[M.E. fr. O.Fr., fr. L. compleo, to fulfill]
Medical Dictionary for the Health Professions and Nursing © Farlex 2012

Compliance

A term used to describe how well a patient's behavior follows medical advice.
Mentioned in: Neurogenic Bladder
Gale Encyclopedia of Medicine. Copyright 2008 The Gale Group, Inc. All rights reserved.

compliance 

The willingness to strictly follow the instructions given by a clinician. Example: following the cleaning instructions and wearing schedule given after contact lens fitting.
Millodot: Dictionary of Optometry and Visual Science, 7th edition. © 2009 Butterworth-Heinemann

com·pli·ance

(kŏm-plī'ăns)
Consistency and accuracy with which a patient follows any regimen prescribed by dentist, physician, or other health care professional.
[M.E. fr. O.Fr., fr. L. compleo, to fulfill]
Medical Dictionary for the Dental Professions © Farlex 2012
References in periodicals archive ?
Employers might think they are stuck in a quandary: Do they acquiesce to their employee's wishes and risk personal liability or comply with the levy and strain their relationship with the employee?
I hope that the Greek Cypriot side would comply with the principle from now on," he said.
EoACAo For the economies included in both the 2006 and 2011 Paying Taxes studies, the tax cost has fallen on average by 5.0%, the time needed to comply by a week, and the number of payments by almost four.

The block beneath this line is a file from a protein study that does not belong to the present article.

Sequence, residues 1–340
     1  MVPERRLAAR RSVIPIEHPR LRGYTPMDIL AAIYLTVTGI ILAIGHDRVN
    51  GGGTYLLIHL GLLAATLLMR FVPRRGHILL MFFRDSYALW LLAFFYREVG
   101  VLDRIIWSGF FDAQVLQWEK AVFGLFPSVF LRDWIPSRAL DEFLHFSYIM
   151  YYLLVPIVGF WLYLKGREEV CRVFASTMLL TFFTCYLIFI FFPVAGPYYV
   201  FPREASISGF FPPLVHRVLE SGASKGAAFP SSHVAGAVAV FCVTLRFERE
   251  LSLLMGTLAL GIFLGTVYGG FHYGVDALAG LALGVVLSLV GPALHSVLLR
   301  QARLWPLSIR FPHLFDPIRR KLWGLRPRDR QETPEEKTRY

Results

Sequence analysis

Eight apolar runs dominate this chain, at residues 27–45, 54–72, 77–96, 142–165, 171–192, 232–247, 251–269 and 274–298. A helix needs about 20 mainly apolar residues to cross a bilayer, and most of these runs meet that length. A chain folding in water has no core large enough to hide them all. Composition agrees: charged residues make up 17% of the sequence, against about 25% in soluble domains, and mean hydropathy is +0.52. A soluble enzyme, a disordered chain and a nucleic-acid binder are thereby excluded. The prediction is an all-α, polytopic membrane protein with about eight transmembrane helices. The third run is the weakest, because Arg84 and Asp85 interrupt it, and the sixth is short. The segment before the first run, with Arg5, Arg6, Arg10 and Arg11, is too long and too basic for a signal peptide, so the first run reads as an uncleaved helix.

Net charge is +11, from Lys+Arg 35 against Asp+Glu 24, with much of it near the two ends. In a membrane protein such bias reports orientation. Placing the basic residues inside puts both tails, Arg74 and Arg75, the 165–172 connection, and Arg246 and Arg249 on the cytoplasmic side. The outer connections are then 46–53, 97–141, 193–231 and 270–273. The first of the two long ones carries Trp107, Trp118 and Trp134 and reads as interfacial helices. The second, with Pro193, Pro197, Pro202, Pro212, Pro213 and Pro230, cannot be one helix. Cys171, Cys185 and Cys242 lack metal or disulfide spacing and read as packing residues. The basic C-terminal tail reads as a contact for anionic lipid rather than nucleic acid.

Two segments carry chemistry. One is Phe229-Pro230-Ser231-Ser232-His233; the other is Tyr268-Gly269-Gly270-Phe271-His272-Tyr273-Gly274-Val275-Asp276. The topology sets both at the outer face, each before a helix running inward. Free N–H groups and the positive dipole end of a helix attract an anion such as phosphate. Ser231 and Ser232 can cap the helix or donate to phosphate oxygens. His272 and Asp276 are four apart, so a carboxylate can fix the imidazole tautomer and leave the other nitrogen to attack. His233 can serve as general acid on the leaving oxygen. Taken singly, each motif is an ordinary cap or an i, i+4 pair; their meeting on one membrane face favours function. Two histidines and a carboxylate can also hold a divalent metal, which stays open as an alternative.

As the retained jockey to owner David Johnson, Murphy had the choice between the 2008 winner and last year's runner-up Comply Or Die and the considerably younger The Package.
John Bower, of Nicholas Street Mews, Chester, was fined for failing to comply with a Vale council notice requiring the tidying up and improvement of Greenfield, Castle Hill, Llanblethian.
Comply UK was set up in Stockton by Jarrow-born Andy Devlin in 2007 and now has 15 staff after opening branches in Glasgow and Leeds.
He got Comply Or Die into a lovely rhythm and gave him masses of daylight to see his fences.
Don't miss him and, if you're thinking of going to Newton Abbot tomorrow, big-race winner Comply will be on parade.
Based at Edgbaston, Comply Service is a spin-out from Swedish company Telelogic, a leading provider of enterprise software.
3: Design each arrangement to comply with the rules.
"Covered entities that have been making a good faith effort to comply with the NPI provisions may, for up to 12 months, implement contingency plans that could include accepting legacy provider numbers on HIPAA transactions in order to maintain operations and cash flows," said CMS Acting Administrator Leslie Norwalk in a statement.
It directs member governments to implement the Directive in national legislation by August 2004, to develop collection systems and procedures for E/E producers so they can comply with end-of-life responsibilities by August 2005, to comply with recycle and recovery targets by January 2007, and to establish new reuse/recycle targets by December 2008.